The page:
The sets look to be made of the flimsiest of cardboard, or balsa wood that would collapse if you leaned against them too hard. In fact, towards the end, Sandy wrecks the "control room", overturning all the panels. As they tumble over they fall apart and there's nothing inside! Some of the weaponry appears to be made of plastic; and the fluorescent bulbs, chimney pipe liners, metal gratings, and aluminum foil scattered throughout several feet of Chislehurst Caves is about as futuristic as it gets. The bankrupted budget reaches its nadir during the closing minutes when two gun-toting mercs from a rescue ship are seen wearing motorcycle helmets as part of their spacesuit ensemble!
The aliens -- when you finally see them -- look like hairless rejects from The Muppet Show and are about as scary as an ingrown toenail. Script writer Nick Maley was the effects artist here, and aside from this awful mess, has worked on much bigger science fiction/fantasy fare from the same time period including SUPERMAN (1978), THE EMPIRE STRIKES BACK (1981) and KRULL (1983). Continuing with his work on Warren's outer space cheapie, there are brief shots of an aforementioned bigger creature, but it's only seen from the shoulders up. A novel touch was giving it a gigantic cock that looks like nothing more than a transparent tube! When the film isn't depressing the viewer with its emaciated production values, the characters do incredibly stupid things as written in Nick and Gloria Maley's nonsensical script.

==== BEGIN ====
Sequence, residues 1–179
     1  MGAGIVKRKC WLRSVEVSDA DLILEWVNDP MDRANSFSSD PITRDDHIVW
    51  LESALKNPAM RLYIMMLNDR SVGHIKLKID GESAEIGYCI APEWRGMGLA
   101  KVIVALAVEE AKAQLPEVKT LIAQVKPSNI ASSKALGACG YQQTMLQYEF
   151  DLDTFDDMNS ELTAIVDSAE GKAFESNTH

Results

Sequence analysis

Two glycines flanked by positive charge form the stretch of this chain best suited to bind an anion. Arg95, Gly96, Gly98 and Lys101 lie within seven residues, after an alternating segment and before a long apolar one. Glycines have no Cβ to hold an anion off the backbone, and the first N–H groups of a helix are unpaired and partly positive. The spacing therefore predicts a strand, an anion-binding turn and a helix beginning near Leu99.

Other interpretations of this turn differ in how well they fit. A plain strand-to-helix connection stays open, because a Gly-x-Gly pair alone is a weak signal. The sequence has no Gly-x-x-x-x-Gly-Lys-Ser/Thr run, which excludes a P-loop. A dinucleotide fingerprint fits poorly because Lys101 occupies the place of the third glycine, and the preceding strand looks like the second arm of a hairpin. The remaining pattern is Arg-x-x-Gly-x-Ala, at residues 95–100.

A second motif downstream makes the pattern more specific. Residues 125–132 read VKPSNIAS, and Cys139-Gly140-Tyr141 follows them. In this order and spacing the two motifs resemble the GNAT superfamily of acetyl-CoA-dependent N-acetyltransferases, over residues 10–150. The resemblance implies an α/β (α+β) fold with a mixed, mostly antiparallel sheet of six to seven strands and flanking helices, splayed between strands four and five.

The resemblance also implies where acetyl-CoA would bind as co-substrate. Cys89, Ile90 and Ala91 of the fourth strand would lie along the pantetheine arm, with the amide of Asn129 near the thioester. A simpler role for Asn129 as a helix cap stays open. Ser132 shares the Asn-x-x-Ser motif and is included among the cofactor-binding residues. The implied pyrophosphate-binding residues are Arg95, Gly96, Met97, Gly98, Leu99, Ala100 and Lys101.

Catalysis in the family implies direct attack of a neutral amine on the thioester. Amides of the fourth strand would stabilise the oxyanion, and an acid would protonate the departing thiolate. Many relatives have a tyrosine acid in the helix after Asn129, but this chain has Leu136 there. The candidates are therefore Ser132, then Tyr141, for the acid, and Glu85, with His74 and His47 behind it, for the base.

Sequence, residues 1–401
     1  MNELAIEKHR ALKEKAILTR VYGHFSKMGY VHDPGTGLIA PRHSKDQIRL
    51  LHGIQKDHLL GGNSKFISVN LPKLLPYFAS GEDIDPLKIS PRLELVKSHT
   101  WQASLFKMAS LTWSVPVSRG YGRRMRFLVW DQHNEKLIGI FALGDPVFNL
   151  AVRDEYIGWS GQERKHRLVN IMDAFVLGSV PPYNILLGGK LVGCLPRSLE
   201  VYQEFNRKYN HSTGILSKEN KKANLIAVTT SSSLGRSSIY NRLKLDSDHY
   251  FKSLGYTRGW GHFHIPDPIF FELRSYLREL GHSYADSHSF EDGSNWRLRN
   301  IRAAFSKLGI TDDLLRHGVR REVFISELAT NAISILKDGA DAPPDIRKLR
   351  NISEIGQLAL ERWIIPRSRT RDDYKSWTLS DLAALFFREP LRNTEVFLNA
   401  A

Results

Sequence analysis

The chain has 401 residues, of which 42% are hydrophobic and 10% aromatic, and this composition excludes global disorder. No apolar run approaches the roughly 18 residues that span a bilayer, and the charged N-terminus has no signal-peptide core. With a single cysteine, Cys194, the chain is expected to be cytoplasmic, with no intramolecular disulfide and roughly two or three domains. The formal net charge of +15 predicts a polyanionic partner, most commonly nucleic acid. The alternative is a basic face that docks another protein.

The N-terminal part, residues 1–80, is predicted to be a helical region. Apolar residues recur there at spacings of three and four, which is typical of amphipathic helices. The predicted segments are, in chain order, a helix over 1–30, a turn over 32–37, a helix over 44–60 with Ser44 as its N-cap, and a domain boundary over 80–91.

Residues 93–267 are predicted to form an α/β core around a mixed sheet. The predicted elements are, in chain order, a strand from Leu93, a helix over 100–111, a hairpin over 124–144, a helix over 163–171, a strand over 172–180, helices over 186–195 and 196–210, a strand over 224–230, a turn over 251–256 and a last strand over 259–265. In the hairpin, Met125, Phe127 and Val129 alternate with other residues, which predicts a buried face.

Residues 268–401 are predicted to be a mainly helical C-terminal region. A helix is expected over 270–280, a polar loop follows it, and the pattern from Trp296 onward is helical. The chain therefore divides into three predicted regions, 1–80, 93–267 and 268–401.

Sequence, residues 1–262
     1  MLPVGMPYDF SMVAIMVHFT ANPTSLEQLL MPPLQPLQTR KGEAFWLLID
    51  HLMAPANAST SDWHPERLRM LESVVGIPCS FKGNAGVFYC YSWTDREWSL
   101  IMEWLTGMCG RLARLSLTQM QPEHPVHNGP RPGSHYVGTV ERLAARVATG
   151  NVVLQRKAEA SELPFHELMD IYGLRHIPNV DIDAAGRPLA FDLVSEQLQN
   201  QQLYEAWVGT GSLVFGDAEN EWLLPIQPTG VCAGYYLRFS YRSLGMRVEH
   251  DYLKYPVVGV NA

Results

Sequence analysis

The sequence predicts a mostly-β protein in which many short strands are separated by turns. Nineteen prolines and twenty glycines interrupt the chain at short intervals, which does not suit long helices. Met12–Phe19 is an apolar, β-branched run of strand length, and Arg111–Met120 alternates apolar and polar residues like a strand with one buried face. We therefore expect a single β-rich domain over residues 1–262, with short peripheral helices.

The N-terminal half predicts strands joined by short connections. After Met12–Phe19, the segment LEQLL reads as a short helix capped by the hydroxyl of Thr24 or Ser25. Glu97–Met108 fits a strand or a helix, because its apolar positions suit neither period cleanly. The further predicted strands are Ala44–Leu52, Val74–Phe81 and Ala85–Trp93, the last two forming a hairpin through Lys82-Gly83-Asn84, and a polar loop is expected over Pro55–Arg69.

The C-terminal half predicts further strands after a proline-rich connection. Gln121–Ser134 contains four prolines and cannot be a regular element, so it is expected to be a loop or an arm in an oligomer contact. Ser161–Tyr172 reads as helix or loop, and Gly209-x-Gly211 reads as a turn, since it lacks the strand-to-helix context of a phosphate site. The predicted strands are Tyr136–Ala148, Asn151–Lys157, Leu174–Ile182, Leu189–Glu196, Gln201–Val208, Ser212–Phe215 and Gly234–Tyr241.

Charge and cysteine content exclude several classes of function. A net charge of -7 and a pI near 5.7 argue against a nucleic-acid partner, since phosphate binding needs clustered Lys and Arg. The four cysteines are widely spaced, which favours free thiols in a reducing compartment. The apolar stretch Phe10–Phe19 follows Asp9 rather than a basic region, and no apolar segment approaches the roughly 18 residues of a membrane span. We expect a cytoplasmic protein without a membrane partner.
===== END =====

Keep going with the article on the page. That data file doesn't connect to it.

An example of this is when a crew member gets her foot caught in a metal plate. With the temperature dropping near a hundred below zero, and the door leading outside jammed for some unexplained reason, her friends watch as she severs her own foot with a chainsaw, but dies anyways. Apparently cutting through the damn boot didn't cross her mind; nor does simply standing up to try and wiggle her leg free. Her "thermal unit" gets damaged, and she's instructed to reconnect two wires but can't do it. Why the gadgetry that regulates your body temperature would be worn like (and look like) a wrist watch is another of this movies examples of the wonders of techno-advancement.
Warren's movie has often been described as being overly gory and offensive; yet it's an instance of the films violence being grossly over-hyped as opposed to simply being gross. The title of the movie is arguably the most shocking thing about it. It was released here under the more generic title of HORROR PLANET. The fleeting gore is squishy and moderately effective, but you mostly see only the aftermath. With very little action (that's never convincing), infrequent flashes of sleaze, and a muddled script, that leaves only the performers to salvage this fiasco.